Thursday, May 6, 2010

No Flash Photography, Please : A Day At TRUCK America

This past weekend, we performed at the first ever Truck America festival and I wanted to blog about it before the details get any hazier. A bit of back story seems appropriate, so here goes. Truck is an annual UK music festival that draws thousands of people each year to hear a collection of well-chosen bands over three days. The operations are handled by the brothers Bennett (Joe and Robin) and Joe's wife Claire. In three years performing live with The Brixton Riot at both live shows and music festivals, I have never dealt with a more friendly, courteous or organized group of people. They are the epitome of English grace and charm. From the day we were selected until the evening we left Big Indian, everything ran like clockwork.

Being within driving distance of New York, Hoboken, Philadelphia and Baltimore has allowed me to play a lot of shows without really taking a road trip, so this was a first for me. But not Matt - he got his wings schleping across the country in a short bus with The Love Scene. And as a result of his many mis-adventures, Matt has to be the most prepared musician I have ever met. His "survival pack" had everything imaginable - snacks, drinks, extra t-shirt, etc...but when I smelled the aroma of a disinfectant wipe coming from my passenger seat, I had no words. Baby wipes. Oh, so rock and roll.

It was a great day for a road trip, and the time passed by quickly. In fact, we were having such a good time, we overshot our exit. By 30 miles. It was then that we learned a valuable lesson about I-87 - you can't turn around (a fact that was reenforced at 1:30 AM when we attempted to retrieve Matt's car from the Sloatsburg reststop, requiring an extra 30 miles North just to head back South). For all the mockery that is heaped on New Jersey for our "jug handles", they serve a valuable purpose. After an aditional 20 minutes wasted looking for some way to get back on track, we settled for an illegal U-Turn.

Photo credit:

We finally arrived at the Full Moon resort around 4:30 PM and unloaded into the Roadhouse. The Roadhouse is a large, long and narrow room with a vaulted wood ceiling and wood paneled walls. It has a great live sound. Once again, the Full Moon staff and Truck people were friendly, informative and helpful. I was a little surprised by their no alchohol policy and the impromptu "beer search" that took place when we arrived. Our friends in Monogold had some of their stash confiscated, which prompted me to joke that I'm sure they could buy it all back at the bar, one can at a time.

After settling in, we walked around the grounds a bit. Full Moon is a beautiful place, with lots of open space, winding creeks and streams and lots of trees. The peaceful surroundings no doubt contributed to the friendly and laid back vibe - musicians, event staff and festival attendees all intermingled with each other, making it hard to tell the performers from the guests. Another thing that I noticed (and loved) about TRUCK - the musicians supported each other, sticking around to hear each other's set - a courtesy not often practiced in New York. I didn't get my chance to meet Neil Halstead of Mojave 3 and Slowdive (who reportedly spent Saturday afternoon chasing his toddler around. It would have been nice to discuss Vox amps and potty training in the same conversation). We spotted Gary Louris of The Jayhawks walking the grounds, but I resisted the urge to tell him how much I loved his guitar sound on Hollywood Town Hall.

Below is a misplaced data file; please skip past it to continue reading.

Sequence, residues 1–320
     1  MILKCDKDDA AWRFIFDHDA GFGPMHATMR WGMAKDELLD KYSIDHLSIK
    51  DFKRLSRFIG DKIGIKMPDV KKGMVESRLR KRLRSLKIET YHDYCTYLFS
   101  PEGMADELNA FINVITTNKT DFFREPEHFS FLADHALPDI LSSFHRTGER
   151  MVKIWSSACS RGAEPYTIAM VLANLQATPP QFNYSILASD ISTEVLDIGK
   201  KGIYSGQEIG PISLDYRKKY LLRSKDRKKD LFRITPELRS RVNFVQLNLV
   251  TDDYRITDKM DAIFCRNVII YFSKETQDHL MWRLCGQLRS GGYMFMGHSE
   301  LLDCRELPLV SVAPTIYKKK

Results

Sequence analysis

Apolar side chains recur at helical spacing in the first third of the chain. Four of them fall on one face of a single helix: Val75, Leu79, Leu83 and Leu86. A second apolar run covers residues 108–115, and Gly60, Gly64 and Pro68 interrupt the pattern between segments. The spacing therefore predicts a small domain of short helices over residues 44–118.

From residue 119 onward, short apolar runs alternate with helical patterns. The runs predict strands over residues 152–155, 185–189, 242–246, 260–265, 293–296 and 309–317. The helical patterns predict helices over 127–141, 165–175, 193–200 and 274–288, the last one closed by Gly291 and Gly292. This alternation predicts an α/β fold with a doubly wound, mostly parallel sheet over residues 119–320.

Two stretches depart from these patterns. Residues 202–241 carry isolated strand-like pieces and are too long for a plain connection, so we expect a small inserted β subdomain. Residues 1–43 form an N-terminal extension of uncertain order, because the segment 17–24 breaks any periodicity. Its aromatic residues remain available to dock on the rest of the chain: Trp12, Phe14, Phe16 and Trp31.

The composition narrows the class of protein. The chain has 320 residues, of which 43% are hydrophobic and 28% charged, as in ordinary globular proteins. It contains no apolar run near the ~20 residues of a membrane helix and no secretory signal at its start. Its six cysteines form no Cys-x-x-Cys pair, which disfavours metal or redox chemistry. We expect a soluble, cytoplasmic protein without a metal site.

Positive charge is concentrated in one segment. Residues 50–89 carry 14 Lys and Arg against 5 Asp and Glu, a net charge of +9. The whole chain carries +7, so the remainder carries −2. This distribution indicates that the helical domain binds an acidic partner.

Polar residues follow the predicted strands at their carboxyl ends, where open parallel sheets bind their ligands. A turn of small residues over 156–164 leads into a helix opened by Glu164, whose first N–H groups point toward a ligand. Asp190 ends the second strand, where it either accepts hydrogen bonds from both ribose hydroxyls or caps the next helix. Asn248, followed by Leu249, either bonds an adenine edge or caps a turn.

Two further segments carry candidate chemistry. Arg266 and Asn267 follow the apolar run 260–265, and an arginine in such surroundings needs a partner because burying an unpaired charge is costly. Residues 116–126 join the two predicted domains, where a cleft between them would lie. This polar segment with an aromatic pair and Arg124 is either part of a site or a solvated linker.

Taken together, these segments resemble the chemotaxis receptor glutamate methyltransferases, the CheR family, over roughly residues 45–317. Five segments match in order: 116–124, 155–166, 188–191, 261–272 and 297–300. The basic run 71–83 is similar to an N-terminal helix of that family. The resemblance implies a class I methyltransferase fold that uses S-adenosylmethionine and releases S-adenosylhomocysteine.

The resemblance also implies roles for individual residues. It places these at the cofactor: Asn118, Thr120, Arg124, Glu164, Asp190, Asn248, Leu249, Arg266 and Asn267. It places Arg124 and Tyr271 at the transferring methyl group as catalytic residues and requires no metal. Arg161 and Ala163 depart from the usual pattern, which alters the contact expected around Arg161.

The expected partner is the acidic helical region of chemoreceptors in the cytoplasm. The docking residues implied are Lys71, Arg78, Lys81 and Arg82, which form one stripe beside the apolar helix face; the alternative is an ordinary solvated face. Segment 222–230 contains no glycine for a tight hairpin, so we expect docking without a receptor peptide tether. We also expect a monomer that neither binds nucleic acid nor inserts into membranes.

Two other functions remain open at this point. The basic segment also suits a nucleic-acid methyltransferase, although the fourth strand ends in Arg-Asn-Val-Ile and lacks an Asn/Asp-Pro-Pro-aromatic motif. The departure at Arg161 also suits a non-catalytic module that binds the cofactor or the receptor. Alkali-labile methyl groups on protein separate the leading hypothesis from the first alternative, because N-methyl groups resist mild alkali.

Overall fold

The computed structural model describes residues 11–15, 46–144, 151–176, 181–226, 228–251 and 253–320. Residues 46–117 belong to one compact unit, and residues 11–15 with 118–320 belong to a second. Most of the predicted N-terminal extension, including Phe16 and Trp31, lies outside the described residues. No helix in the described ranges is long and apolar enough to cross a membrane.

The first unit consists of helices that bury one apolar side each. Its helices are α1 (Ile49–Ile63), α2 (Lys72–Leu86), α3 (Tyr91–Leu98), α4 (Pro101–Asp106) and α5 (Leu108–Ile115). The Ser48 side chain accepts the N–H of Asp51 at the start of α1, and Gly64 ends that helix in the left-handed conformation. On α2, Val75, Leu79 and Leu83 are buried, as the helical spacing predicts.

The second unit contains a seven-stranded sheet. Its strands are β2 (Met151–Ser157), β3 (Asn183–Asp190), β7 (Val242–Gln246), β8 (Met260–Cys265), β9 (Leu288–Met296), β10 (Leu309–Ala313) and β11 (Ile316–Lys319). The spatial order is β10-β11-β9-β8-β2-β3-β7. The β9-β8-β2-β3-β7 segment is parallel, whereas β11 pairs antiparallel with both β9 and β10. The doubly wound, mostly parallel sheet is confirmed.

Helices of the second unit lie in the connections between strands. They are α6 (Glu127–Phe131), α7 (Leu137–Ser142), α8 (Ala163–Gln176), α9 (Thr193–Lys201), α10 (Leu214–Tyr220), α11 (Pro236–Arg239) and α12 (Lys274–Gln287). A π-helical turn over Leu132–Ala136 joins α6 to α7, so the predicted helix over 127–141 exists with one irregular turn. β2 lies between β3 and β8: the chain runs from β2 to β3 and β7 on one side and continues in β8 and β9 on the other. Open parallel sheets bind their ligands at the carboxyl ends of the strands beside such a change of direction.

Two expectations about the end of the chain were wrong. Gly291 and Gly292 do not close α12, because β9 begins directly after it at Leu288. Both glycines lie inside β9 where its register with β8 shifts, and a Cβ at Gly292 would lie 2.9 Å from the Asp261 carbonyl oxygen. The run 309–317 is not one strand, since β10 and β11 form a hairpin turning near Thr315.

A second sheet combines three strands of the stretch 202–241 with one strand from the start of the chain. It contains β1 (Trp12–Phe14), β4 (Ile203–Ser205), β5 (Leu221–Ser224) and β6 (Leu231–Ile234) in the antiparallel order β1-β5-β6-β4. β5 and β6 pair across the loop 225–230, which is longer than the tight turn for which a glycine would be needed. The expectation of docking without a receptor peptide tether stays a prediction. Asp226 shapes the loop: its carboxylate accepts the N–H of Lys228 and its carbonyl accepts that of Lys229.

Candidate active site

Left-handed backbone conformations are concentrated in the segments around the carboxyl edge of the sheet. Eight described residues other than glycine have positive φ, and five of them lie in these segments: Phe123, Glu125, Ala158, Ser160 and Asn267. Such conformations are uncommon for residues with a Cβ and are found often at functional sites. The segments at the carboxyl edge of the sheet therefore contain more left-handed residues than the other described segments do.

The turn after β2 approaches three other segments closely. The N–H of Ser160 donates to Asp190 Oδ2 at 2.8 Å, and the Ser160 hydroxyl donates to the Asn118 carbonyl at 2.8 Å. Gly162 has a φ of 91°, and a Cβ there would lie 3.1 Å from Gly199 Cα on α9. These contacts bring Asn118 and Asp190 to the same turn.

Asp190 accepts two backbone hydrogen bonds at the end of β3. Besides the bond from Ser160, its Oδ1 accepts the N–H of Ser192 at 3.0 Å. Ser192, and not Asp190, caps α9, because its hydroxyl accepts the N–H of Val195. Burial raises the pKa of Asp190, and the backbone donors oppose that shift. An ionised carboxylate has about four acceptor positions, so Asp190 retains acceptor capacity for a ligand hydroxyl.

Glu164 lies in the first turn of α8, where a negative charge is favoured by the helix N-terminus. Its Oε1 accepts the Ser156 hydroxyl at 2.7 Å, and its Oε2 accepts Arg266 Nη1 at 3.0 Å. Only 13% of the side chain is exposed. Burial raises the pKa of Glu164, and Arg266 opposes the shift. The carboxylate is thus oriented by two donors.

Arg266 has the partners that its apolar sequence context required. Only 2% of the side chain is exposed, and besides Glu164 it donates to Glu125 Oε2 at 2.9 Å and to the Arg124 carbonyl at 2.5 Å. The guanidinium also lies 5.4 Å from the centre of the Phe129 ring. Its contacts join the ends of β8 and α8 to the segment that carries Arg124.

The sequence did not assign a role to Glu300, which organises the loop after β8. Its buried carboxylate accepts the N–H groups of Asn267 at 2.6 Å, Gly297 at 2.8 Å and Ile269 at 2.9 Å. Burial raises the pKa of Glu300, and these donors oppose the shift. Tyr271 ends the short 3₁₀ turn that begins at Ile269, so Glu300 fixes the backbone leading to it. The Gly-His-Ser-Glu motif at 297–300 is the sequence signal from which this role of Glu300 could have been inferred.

"Give 'em the heater, Ricky!!!" Matt warms up with Steve and John H.

When we got back at the Roadhouse, Monogold was just getting started. I enjoyed their set when we played together at Maxwell's, but they were even better at Truck. They absolutely killed. It's amazing that so much sound comes from three guys. I was able to spend a few minutes with Robin Bennett during their set. He was an extremely gracious host and I'm glad I was able to meet him in person after several email exchanges. The Dreaming Spires were another one of the bands I wish I could have stayed for (one of many on a very long list), but unfortunately, our adult lives prevented us from staying the whole weekend. Our set was well received and even prompted some of the locals to dance a bit. We broke our unwritten rule of "one cover only" during our set, opting for a performance of Big Star's "September Gurls" in tribute to Alex Chilton and one of our personal favorites, "Inside Out" by The Mighty Lemon Drops for all of our English friends in the audience (which included author John Niven, who seemed to really like the idea of an American band covering The Mighty Lemon Drops). I've heard John on Steve Lamacq's 6Music show and it was great meeting him in person. I'll be reading "Kill Your Friends" on my next vacation.

I was really looking forward to Forgetters' set and they did not disappoint. They have great energy and raw stripped down sound. Blake is an excellent frontman and an all around nice guy. The original plan was to head home after Forgetters' set. That didn't even come close to happening, as we stuck around for The Joy Formidable, Nina Violet and even some of Wintersleep's set (all excellent). Finally, after several failed attempts to drag ourselves away, we packed up and started the long ride back to Jersey. Just like that, it was all over. But we had a fantastic time. In addition to thanking the Bennetts for their hospitality, I'd be remiss if I didn't mention John Herguth of Atlantic/Pacific who put in a good word for us. We owe you big.

PS - In usual TBR fashion, we were extremely lax with taking photos. Oh well. Better to be heard then seen.